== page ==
It speaks of a high degree of motivation and determination for the Ugandan population in the impoverished countryside to actually raise money, of their own volition, for a candidate rather than the normal recent practice of waiting for soap, sugar and T-shirts from the candidates.
Besigye has to be a key factor in any future Mbabazi calculation.
There is so much going on between the Museveni and Mbabazi camps.
The last sentence of Mbabazi’s statement quoted above, was also significant. Mbabazi has until now spoken politely about the NRM, praising its contribution to restoring freedom to Uganda and years of the “dark days” of the past and proud of his role in the anti-Amin and anti-Obote struggles of the 1970s and 1980s.
Suddenly, we see Mbabazi in this most recent statement come up with a new view. The NRM, he seems to be saying, has degenerated to a government that blatantly violates human rights and is being run by “lawless forces” whose intentions, he declares, he “will defeat.”
It is the kind of statement that Fronasa and the NRA used to justify their decision to take up an armed struggle. He is now talking, no longer as just another politician seeking the presidency. He is now back to using freedom fighter Fronasa language, about taking on and defeating “lawless forces”, or what Museveni terms “bad leaders”.
For Mbabazi not to simply stop at mentioning his own arrest on July 9 as he attempted to travel to Mbale but also to condemn the arrest of Besigye in the same sentence was a skilful move.
It will have the effect of underscoring the message that this is not just about Mbabazi’s own personal ambition, but that he sees Uganda in danger of being destroyed by “lawless forces” against which all reasonable Ugandans, including Besigye and other leaders from the Opposition, should join hands.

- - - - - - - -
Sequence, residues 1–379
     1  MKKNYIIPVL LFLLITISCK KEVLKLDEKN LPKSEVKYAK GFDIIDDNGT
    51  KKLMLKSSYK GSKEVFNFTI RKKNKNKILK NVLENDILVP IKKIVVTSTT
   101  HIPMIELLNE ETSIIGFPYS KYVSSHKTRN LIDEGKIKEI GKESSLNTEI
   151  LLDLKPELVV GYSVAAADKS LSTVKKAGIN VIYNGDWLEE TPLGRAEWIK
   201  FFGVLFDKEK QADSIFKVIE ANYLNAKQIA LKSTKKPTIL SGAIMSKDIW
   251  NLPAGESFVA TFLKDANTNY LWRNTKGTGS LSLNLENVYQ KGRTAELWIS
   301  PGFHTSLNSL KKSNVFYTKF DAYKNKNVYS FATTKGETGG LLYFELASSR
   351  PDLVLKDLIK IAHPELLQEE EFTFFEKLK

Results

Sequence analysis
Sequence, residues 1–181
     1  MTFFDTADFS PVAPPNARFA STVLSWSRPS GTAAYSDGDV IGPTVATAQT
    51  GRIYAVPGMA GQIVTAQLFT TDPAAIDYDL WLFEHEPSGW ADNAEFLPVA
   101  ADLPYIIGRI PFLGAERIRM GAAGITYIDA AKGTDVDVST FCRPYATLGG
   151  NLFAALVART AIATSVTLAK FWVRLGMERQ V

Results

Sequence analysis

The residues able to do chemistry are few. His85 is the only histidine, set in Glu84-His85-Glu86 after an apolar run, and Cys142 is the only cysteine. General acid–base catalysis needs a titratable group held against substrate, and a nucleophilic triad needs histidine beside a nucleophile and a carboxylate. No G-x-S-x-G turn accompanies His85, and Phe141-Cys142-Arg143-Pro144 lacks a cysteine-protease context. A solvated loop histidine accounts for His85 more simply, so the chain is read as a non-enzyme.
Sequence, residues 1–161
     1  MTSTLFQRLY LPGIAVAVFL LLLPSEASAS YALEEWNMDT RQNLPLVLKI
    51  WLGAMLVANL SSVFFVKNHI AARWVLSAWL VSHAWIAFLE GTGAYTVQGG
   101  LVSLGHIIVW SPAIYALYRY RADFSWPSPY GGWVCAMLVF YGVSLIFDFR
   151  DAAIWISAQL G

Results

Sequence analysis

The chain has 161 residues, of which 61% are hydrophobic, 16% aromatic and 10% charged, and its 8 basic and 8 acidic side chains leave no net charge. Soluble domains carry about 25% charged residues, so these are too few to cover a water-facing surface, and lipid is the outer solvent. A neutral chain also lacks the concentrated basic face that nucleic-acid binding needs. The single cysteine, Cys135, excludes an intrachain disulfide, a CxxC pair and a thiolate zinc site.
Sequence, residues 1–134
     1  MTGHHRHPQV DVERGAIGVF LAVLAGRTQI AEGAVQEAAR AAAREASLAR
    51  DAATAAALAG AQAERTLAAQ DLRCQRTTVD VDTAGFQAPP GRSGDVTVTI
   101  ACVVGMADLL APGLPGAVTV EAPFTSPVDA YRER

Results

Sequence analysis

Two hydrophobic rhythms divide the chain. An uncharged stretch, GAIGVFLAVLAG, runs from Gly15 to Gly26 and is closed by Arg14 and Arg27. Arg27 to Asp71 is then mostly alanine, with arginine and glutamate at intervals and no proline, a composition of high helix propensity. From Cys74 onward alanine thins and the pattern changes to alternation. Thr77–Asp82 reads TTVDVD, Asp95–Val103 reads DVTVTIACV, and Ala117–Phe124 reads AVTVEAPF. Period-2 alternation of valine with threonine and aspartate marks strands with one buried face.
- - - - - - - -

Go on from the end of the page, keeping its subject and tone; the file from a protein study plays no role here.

We can expect that Mbabazi, now running or hoping to run as an independent candidate, to start speaking beyond the NRM and beyond his personal ambition and appealing, in the same way UPC’s Olara Otunnu did in 2010 and early 2011, to the formation of a mass movement and national effort to address the “lawless forces” that threaten to wreck the country.
In this new role as a neo-Fronasa leader, Mbabazi will seek to project himself as the new liberator of Uganda from the “fascist” tendencies that his wife Jacqueline described as dominating the NRM party in that Sunday Monitor interview shortly after the Kyankwanzi meeting.
All said and done, the twists and turns of this Museveni-Mbabazi saga are about to get even more bewildering and at a later stage, will start becoming scary, as the two camps and their leaders revert to their old Fronasa and NRA mindset and tactics of intelligence operations and covert political action.
President Museveni and Mbabazi know each other well and know what methods each can use and has used in the past to achieve their political objectives. In their hour of crisis and desperation, they will use the tried and tested methods that brought Fronasa and the NRA/NRM victory.
In other words, Ugandans can expect very tense weeks and months ahead as the two NRM camps get into intelligence war.